by dr. Patrick Ryan Cooper
"Everything is interconnected". Indeed, painfully so.
We are daily reminded of our vulnerability at this very hour, from the global financial economy and the continuing failure of political discourse, to the innumerable drastic signs that bespeak of our ecological fragility. Within this complex milieu of narrowing ideological interests, gross inequalities and fragmentation, Pope Francis has boldly re-engaged the authority and the prestige of the Church's Magisterial teaching with his encyclical, Laudato si, as heeding the cry of the poor and the discarded. With exceptional breadth and immense attention to detail, Francis time and again draws intrinsic parallels between current environmental degradation and widespread indifference to the sufferings of the poorest and most vulnerable within our societies. There is no political consensus that can easily align with Francis' stern warnings, as he easily implicates both conservatives and liberals alike, all the while imploring the faithful that they "must constantly feel challenged to live in a way consonant with their faith and not to contradict it by their actions." (§200) Rather, Francis aims to reframe current discourse by significantly broadening the vision and moral consequences beneath what is otherwise the familiar debate and the struggling political consensus to effectively legislate over curbing the immanent dangers posed by climate change and environmental degradation.
In addition to its shrewd political calculus in deliberately destabilizing comfortable ideological capture, Pope Francis' highly significant encyclical and its bold, "integral ecology" has in fact, I would argue, evinced the profound social relevance and critical potential latent in continuously ressourcing the Tradition's "ethical and spiritual treasures" in order for the Church to uniquely and effectively respond to the urgent challenges facing us today. In particular, Francis draws generously from the wells of the fundamental Catholic principle of analogy—as concretized and lived out by the ascetic mysticism of his namesake, the poverello of Assisi—as an intrinsic unveiling of the "precious book" of creation wherein the Creator continuously discloses his Trinitarian life and is thus, the underlining principle of such "interconnectedness" from which Francis' moral call for solidarity stems. In doing so, continual allusion is made that in order to heed the cry and appeal for an increased moral sense of solidarity, we first need to recover, what in reality amounts to a profoundly dense, lived ontological solidarity as creatures and intrinsically set in relation to God as our Creator.
This is the basis of our conviction that, as part of the universe, called into being by one Father, all of us are linked by unseen bonds and together form a kind of universal family, a sublime communion….'God has joined us so closely to the world around us that we can feel the desertification of the soil almost as a physical ailment, and the extinction of a species as a painful disfigurement. (§89)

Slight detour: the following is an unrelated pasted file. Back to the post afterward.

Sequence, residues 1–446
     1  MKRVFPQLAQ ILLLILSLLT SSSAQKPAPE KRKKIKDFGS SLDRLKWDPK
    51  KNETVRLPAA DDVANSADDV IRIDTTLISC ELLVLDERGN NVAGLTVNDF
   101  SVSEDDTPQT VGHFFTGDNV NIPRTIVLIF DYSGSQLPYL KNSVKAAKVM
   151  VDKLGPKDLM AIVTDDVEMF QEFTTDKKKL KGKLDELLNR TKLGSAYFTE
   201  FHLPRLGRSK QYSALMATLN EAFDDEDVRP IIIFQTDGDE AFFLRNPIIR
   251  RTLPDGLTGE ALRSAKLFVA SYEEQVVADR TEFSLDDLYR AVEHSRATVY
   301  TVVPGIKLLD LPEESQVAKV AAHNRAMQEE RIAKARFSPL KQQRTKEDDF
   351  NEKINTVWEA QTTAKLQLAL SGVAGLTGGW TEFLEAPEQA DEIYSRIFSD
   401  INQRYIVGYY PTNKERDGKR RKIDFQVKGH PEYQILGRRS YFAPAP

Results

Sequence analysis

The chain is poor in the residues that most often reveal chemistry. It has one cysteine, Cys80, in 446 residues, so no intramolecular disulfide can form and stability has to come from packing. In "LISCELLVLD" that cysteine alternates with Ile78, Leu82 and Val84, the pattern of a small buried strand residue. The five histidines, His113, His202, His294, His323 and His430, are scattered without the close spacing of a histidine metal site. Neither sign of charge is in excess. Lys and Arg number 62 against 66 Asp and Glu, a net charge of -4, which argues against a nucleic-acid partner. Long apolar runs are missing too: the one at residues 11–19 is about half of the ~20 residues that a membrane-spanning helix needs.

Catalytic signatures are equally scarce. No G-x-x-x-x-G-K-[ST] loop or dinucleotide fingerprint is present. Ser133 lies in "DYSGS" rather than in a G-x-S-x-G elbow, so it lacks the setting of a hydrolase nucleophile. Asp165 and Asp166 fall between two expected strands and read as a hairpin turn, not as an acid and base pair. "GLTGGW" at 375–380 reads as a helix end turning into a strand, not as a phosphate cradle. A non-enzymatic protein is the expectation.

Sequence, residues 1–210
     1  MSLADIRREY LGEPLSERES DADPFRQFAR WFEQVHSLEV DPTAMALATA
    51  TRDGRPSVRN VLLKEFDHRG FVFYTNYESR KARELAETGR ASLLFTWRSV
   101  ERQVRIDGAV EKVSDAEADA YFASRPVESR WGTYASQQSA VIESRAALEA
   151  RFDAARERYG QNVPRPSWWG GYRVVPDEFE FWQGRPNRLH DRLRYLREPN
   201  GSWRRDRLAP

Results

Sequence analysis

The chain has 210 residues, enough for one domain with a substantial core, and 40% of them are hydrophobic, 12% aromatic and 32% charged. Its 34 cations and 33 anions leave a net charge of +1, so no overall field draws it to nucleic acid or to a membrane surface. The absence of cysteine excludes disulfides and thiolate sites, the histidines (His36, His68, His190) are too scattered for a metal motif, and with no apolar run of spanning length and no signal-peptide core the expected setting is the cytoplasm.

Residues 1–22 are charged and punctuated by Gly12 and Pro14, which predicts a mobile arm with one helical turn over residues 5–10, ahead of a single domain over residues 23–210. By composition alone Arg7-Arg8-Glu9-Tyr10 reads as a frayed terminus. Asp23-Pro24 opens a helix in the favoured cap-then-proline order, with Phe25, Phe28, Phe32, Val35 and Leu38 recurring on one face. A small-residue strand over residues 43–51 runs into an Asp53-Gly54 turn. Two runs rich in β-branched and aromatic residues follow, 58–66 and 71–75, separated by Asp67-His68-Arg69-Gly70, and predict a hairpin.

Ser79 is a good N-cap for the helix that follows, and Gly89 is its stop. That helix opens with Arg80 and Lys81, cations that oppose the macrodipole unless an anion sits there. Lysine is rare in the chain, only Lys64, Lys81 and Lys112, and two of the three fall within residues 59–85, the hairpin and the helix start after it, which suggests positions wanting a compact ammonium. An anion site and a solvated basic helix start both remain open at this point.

It is this bold, analogical vision that arguably lays at the heart of this encyclical, both in terms of content and its unfolding, repetitive structure, as itself the principal of interconnectedness. We must learn once more that the world is not so much a "problem to be solved" as it is a "joyful mystery to be contemplated" from which we may heed divine Wisdom and its rhythm inscribed and manifested within creation itself.
Francis contextualizes his bold, social reenvisioning of analogy as indeed amounting to the Catholic difference within an explicitly theological ecology purview; that is, a profound reimagining of "countless forms of relationship and participation" within its view of the "whole as open" to the asymmetric beyond of "God's transcendence", while mutually inseparable to a creaturely immanence "within which it develops" (§75) As profoundly relational, such analogy therein stands unambiguously opposed to the "Promethean mastery" (§116) of modern anthropocentrism, severely critiquing the "tyrannical and irresponsible domination of human beings over other creatures", while sternly warning us that such environmental degradation is nothing short of "ourselves usurping the place of God" by "claiming the unlimited right to trample his creation underfoot", idolatrously doubling the "Father who creates and who alone owns the world."(§75) Such a view Francis identifies as in part resulting from an enclosed, autonomous view of creation devolving into "nature" (§76), a natura pura that posited its own distinct, immanent ends. Instead, "the ultimate purpose of other creatures is not to be found in us….[but] with us and through us towards a common point of arrival, which is God, in that transcendent fullness where the risen Christ embraces and illumines all things."(§83)